I confess – I hate hand sewing. I mean, I absolutely loathe it. I think it’s difficult, and even worse, the end results never come out looking as good as they do in the pattern. Ladder stitch, slip stitch, blanket stitch – it doesn’t matter what you call it, all my stitches look the same – messy! And when you have to hold several three-dimensional pieces together while you’re sewing, and get them positioned just right – say, for example, an ear onto the top of a stuffed head – well, forget it!
This lead-in should give you a clue as to how I feel about this sewing project. Yes, it was very simple – basically just sew together and cut out the pieces, and then hand-stitch them together – but the devil is in the details, or in this case, the hand stitching. The body was fine – a big enough piece to comfortably work with. The legs called for stuffing, but I put poly pellets in the hoof section of the legs, then stuffing on top, and I think it gave them a lot more heft (and, as a result, helps Rudy stand more securely). Sewing the legs to the body was actually not that difficult – sewing them through buttons is ingenious, it makes the task much easier, you hide any ugly-looking stitches behind the buttons, somehow using the buttons makes the stitching much sturdier, and finally, the stitched-on buttons allow the legs to move. Great idea!
The part I hated was the ears and antlers. The antlers were supposed to be sewn from a contrasting fabric, but they are so narrow that I found it impossible to turn the fabric to right side out. So, I switched to felt – it looked just as good (if not better), and you could sew on the “right side” and not worry about turning it. Then, the horns were difficult to stuff – even with a wooden skewer, it’s hard to force enough stuffing up into them. The worst part was trying to sew them on – no matter how many stitches I took, I couldn’t get them on securely enough at the base to support their proportionally too-tall height. As a result, they droop – kind of looks cute, but still not what I was going for. Also very difficult to get the ears identically positioned. Finally, hand-sewing on the eyes and nose is too exacting for me – I keep getting the nose skewed off to one side, no matter how many times I tried, and sewing the little pieces of felt on for the eyes was too frustrating, I used fabric glue and then ran a knot of white embroidery thread through the center to secure it (and to act as the pupil).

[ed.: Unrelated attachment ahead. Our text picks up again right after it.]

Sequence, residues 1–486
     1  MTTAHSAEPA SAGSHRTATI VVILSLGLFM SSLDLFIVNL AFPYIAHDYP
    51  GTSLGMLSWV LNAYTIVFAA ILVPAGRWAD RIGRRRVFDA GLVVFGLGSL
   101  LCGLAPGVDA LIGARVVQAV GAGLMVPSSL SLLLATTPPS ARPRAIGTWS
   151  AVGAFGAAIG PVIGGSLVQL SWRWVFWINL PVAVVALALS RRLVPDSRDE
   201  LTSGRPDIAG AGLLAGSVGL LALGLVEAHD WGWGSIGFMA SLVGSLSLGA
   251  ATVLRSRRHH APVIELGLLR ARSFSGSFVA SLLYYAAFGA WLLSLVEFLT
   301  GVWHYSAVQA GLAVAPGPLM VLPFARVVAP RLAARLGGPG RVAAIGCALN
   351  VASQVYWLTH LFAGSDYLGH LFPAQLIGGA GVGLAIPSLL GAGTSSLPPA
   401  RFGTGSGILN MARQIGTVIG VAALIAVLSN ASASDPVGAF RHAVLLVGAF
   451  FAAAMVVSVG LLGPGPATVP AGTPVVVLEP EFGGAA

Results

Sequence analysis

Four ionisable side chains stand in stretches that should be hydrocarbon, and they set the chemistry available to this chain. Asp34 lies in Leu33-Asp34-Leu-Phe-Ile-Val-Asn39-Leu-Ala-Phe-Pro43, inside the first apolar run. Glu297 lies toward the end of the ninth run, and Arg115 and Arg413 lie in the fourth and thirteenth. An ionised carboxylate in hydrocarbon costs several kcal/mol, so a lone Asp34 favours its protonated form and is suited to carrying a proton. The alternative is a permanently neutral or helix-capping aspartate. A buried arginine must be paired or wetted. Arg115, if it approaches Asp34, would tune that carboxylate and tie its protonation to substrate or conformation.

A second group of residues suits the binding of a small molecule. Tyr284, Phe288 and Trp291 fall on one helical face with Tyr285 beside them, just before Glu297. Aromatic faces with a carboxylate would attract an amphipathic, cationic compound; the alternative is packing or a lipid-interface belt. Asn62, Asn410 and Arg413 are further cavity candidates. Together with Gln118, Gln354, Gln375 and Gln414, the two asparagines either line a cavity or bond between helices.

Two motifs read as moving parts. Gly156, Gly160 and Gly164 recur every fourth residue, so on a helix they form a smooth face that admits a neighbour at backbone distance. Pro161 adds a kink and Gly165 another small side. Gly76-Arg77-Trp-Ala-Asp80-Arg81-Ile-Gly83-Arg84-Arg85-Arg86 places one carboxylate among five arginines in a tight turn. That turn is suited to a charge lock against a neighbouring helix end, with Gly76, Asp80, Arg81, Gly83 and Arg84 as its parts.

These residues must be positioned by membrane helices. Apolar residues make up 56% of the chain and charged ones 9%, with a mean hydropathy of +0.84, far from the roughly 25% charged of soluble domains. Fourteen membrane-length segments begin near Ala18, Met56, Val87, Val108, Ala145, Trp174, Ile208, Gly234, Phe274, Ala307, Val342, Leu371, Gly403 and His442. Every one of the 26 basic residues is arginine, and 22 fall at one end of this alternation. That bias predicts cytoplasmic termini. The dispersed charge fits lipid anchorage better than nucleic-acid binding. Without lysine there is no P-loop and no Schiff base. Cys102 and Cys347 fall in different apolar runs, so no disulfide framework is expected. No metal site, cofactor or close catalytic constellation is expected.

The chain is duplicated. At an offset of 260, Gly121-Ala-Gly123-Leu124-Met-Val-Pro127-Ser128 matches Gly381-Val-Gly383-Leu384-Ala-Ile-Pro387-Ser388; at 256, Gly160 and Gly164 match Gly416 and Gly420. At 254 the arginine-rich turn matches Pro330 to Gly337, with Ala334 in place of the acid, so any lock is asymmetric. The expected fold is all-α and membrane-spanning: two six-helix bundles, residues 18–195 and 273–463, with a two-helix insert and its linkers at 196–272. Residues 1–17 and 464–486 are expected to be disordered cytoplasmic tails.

The pattern correctly suggests a dollmaker’s needle – in other words, a REALLY BIG needle – anything less won’t push through the layers of fabric, stuffing, and felt. Another great suggestion was to use embroidery thread instead of sewing thread to sew the pieces together – much sturdier, a lot less frustration with breaking thread.
I bought the fabric and felt for this pattern from The Pine Needle, a great quilting store in Lake Oswego. The pattern I ordered here – it’s made by Melly & Me. It would be really cute to do an entire herd of these guys, each out of different Christmas fabric, but they won’t be coming from me – I don’t think I can justify spending over six hours again to produce another one of these little guys!Pin It